13 May 2023 News

Inmarsat boss calls for urgent action to reduce space debris

Rajeev Suri, Inmarsat CEO.
Rajeev Suri, Inmarsat CEO.
The chief of global satellite telecommunications company Inmarsat has issued a stark warning to space leaders calling for immediate action to stem the proliferation of space debris in Earth orbit.

Counselling against complacency, Raveej Suri, Inmarsat’s Chief Executive Officer, said: “So far we have been lucky that we haven’t seen any major collisions in space, but we would be foolish to rely on luck alone.”

His wake up call to governments and industry was delivered during a no-holes-barred keynote speech to more than 100 delegates at the New Space Atlantic Summit, organised by the Portugal Space Agency (PSA) in Lisbon this week.

“It would be irresponsible of me not to call out that I believe we are at a crisis point regarding space sustainability which requires immediate and decisive action,” he stated. “Every year that we fail to act increases the cost of future actions and makes it more technically difficult to deliver an effective cleanup strategy.”

At Inmarsat we do not take the operating environment for granted but I am concerned that the world is now entering a system wide emergency, with low Earth orbits (LEO) particularly vulnerable, and we no longer have the luxury of patient action.

Suri, who transferred from Nokia to head up the London-based satellite services provider in 2021, welcomed moves in the past year which have seen more countries signing up to the ASAT (anti-satellite testing) ban, ESA proposing a zero space debris policy by 2030, a new five-year rule for satellite disposal after reaching the end of their operational life, and space sustainability policy initiatives from the UK.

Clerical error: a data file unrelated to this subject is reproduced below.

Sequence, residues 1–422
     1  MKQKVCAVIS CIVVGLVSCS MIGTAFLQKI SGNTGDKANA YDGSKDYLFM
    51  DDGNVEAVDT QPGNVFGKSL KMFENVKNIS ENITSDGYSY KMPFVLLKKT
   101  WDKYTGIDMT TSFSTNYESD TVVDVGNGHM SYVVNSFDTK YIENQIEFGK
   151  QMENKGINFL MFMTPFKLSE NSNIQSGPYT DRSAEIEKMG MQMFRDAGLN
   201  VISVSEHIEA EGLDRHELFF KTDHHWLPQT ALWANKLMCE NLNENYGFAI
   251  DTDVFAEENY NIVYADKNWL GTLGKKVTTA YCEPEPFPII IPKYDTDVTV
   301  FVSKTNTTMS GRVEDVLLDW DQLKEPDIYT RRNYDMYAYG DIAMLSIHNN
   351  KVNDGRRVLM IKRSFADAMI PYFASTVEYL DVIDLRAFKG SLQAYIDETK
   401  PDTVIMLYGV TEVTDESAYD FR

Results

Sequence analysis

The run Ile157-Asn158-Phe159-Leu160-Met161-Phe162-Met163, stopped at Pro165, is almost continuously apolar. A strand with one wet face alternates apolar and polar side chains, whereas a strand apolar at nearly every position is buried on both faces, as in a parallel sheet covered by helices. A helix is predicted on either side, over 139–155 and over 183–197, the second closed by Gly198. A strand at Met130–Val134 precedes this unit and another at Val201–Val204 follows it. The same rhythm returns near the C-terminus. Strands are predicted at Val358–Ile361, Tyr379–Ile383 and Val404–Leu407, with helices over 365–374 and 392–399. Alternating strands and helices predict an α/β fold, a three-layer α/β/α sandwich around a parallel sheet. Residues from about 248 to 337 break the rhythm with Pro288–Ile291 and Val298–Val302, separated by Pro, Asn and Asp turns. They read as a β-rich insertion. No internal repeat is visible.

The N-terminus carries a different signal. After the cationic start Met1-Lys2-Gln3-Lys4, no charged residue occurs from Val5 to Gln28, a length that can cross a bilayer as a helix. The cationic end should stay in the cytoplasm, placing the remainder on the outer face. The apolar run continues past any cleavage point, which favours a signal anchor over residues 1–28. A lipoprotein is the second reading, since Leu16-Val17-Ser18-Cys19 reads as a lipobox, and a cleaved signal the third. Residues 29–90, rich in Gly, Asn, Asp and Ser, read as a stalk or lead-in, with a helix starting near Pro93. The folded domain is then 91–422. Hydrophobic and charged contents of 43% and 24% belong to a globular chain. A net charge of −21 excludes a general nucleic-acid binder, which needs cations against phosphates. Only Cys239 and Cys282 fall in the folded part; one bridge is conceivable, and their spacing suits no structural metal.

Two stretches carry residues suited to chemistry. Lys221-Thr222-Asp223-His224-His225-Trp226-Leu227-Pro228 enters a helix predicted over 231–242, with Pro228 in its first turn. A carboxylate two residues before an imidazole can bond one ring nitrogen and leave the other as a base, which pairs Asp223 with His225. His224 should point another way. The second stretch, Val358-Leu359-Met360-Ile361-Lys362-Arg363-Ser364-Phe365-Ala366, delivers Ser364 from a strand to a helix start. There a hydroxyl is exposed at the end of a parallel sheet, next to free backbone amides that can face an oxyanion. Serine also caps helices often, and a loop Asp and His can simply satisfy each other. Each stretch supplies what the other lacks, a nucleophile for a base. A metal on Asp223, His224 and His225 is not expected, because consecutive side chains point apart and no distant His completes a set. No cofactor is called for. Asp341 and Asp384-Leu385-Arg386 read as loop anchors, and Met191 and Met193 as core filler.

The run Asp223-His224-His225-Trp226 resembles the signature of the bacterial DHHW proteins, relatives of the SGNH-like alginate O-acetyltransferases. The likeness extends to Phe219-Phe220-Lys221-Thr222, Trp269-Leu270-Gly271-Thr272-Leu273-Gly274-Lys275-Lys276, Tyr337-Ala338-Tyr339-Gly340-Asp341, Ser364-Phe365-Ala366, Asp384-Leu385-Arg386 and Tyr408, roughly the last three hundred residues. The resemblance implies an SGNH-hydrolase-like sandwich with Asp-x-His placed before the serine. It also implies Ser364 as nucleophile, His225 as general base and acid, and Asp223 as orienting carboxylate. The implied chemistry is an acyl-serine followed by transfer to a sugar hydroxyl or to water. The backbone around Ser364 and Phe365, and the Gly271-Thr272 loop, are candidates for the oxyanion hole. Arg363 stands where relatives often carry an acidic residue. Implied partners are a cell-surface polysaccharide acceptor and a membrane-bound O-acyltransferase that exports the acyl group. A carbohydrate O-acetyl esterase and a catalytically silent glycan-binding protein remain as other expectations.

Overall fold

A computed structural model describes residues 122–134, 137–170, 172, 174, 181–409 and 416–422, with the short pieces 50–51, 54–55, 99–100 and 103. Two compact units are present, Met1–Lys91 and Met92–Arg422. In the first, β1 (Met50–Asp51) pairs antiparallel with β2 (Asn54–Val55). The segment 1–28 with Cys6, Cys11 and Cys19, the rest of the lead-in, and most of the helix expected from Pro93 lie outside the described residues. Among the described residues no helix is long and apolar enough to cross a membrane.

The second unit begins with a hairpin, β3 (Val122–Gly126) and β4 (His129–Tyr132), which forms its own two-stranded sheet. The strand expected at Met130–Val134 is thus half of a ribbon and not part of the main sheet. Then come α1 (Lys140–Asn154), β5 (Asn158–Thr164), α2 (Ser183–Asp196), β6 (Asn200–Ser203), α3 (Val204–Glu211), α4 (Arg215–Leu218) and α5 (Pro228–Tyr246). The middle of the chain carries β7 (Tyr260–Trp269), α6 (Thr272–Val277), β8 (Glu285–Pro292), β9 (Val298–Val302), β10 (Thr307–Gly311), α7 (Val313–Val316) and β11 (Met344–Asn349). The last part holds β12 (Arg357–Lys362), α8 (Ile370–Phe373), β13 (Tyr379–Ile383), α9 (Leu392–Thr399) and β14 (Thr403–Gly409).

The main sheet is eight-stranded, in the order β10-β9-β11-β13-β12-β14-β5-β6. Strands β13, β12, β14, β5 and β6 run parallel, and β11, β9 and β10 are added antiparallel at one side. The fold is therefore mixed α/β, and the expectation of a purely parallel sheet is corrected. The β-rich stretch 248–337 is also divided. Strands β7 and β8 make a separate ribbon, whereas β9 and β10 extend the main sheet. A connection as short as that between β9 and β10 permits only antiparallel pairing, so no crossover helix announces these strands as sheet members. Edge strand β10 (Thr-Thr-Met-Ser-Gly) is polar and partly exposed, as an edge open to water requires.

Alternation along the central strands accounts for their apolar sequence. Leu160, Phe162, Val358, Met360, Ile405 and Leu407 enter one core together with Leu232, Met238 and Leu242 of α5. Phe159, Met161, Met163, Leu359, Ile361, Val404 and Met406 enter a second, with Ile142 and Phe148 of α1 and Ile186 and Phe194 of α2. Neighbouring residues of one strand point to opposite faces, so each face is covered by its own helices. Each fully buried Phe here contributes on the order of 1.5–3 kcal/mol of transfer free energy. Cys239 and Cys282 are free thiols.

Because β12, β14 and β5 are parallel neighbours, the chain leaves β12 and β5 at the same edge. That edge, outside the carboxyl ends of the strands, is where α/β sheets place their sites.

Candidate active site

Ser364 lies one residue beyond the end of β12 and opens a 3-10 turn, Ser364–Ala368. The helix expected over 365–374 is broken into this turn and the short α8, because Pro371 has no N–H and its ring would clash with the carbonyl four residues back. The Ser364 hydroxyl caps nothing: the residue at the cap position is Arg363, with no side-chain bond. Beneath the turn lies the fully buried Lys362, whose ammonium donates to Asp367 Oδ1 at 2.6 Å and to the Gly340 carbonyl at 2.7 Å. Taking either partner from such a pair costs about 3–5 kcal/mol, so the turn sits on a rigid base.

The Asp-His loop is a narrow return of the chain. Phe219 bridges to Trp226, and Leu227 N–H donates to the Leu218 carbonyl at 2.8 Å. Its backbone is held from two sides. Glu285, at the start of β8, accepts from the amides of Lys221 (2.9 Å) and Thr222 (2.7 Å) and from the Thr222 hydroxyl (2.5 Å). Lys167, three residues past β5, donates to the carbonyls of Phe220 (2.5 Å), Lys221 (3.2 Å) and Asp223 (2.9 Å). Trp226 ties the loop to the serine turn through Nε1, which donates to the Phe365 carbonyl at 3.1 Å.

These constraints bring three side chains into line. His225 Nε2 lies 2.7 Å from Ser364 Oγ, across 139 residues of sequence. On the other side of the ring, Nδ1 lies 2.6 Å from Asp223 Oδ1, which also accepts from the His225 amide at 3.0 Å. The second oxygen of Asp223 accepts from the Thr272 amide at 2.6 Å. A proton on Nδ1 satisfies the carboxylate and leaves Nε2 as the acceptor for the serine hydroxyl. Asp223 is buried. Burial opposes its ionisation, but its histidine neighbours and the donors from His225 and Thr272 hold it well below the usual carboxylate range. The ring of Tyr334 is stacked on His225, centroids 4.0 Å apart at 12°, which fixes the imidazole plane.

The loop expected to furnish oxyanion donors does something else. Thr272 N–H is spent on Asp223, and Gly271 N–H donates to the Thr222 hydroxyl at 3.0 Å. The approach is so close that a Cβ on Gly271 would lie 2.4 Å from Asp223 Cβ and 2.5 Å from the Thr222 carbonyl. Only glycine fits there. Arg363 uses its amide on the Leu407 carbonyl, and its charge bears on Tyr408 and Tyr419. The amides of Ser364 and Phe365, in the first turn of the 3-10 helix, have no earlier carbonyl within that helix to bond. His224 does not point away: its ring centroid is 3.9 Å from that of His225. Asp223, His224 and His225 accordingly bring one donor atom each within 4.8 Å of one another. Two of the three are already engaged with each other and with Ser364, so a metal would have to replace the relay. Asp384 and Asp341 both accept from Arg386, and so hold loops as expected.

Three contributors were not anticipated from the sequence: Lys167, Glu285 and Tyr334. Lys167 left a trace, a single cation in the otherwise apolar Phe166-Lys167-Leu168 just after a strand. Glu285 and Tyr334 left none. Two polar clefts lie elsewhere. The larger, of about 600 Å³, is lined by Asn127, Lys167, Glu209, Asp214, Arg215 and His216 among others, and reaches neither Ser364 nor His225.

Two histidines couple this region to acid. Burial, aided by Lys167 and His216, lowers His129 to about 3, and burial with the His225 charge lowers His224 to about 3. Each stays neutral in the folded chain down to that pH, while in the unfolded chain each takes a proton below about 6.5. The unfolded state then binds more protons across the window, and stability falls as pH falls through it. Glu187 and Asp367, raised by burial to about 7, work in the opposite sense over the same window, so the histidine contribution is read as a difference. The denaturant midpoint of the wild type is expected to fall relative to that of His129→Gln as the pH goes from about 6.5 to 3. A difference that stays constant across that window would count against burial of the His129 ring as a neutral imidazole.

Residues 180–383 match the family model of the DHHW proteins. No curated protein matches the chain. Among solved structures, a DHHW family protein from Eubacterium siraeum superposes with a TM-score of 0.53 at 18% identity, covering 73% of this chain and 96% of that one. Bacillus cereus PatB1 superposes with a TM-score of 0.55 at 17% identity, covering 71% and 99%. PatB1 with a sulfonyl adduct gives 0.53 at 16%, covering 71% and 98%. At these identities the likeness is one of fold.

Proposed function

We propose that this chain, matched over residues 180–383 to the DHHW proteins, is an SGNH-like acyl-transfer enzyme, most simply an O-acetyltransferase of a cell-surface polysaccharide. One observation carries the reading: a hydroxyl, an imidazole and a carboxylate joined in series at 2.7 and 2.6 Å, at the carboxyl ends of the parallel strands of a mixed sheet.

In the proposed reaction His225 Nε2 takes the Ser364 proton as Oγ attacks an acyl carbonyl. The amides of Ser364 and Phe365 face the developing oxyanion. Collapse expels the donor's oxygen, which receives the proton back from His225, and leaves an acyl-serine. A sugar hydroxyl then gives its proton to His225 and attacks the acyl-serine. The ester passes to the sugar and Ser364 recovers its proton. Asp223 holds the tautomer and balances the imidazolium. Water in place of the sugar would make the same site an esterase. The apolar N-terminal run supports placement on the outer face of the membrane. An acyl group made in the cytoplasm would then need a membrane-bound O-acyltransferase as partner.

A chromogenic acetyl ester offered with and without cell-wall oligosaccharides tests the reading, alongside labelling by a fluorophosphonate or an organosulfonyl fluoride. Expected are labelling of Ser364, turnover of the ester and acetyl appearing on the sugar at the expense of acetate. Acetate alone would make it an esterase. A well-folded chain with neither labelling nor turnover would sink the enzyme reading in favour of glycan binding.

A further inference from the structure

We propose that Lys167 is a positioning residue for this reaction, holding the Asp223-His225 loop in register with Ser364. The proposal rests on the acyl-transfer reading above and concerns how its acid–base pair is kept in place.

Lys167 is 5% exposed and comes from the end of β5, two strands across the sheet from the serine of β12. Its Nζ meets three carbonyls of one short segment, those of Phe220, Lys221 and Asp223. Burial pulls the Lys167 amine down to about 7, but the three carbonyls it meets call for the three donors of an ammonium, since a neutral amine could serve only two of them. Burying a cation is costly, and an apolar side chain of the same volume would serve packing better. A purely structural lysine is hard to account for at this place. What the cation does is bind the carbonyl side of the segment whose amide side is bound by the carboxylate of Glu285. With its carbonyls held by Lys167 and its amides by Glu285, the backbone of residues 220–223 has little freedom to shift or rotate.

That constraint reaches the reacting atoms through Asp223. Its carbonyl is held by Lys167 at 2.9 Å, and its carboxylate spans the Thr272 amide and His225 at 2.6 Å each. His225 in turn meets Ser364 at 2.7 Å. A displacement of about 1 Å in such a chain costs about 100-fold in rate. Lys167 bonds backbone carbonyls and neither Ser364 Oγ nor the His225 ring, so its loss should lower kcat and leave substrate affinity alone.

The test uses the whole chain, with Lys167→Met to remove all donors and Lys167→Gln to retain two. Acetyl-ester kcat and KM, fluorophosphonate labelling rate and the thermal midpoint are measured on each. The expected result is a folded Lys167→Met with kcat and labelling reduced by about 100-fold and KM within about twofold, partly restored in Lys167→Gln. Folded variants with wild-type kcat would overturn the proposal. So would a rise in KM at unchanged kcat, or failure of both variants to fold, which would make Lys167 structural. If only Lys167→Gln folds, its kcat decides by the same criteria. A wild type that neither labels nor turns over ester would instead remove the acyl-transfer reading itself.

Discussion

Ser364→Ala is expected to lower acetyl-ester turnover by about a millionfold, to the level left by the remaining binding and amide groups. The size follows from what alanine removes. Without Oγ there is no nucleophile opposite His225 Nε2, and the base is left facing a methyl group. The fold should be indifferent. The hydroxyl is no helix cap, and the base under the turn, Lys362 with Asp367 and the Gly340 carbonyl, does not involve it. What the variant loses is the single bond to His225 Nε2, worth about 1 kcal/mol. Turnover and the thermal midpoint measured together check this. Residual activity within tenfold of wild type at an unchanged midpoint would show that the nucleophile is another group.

But he said even these initiatives were “insufficient” compared to the gravity of the problem, citing examples of increasing space debris proliferation and the rising number of orbital near misses - including one by two defunct satellites earlier this year that came within 10 m of each other.

Suri also highlighted the work of Prof Hugh Lewis at the University of Southampton who recently released data that showed in March alone SpaceX Starlink satellites performed more collision avoidance manoeuvres in a single month than in the entire first 2.5 years of Starlink deployment.

Based on statistical models produced by the ESA space debris office, it is estimated that there are 36,500 objects larger than 10 cm, one million objects between one to 10 cm and an extraordinary 130 million objects between 1 mm and 1 cm.

These tiny objects could be anything from paint flecks from rockets to small fragments created from in-orbit impact, but travelling faster than a bullet they can still cause an incredible amount of damage to something else in orbit.

“These numbers and the risk to incumbent services will only increase as tens of thousands of satellites are launched into orbit over the coming years, many as part of so called mega constellations in low Earth orbit,” he said.

“So far we have been lucky but we would be foolish to rely on luck to keep to space commons - areas and resources that fall outside national jurisdiction - open for sustainable use. We urgently need to align to a shared understanding of the problem and agree on principals of action.”

Suri proposed a series of guiding tenets - understanding the constraints of the operating environment, bringing scientific consensus to orbital capacity, and providing equitable and fair solutions to benefit all - to help address the problem.

He also suggested that equity considerations should reach beyond the boundaries of space into Earth’s atmosphere where space environmentalism is already asking questions about the effect of industrialising the de-orbiting of spacecraft and what that does to the precipitous chemical balance of the upper atmosphere.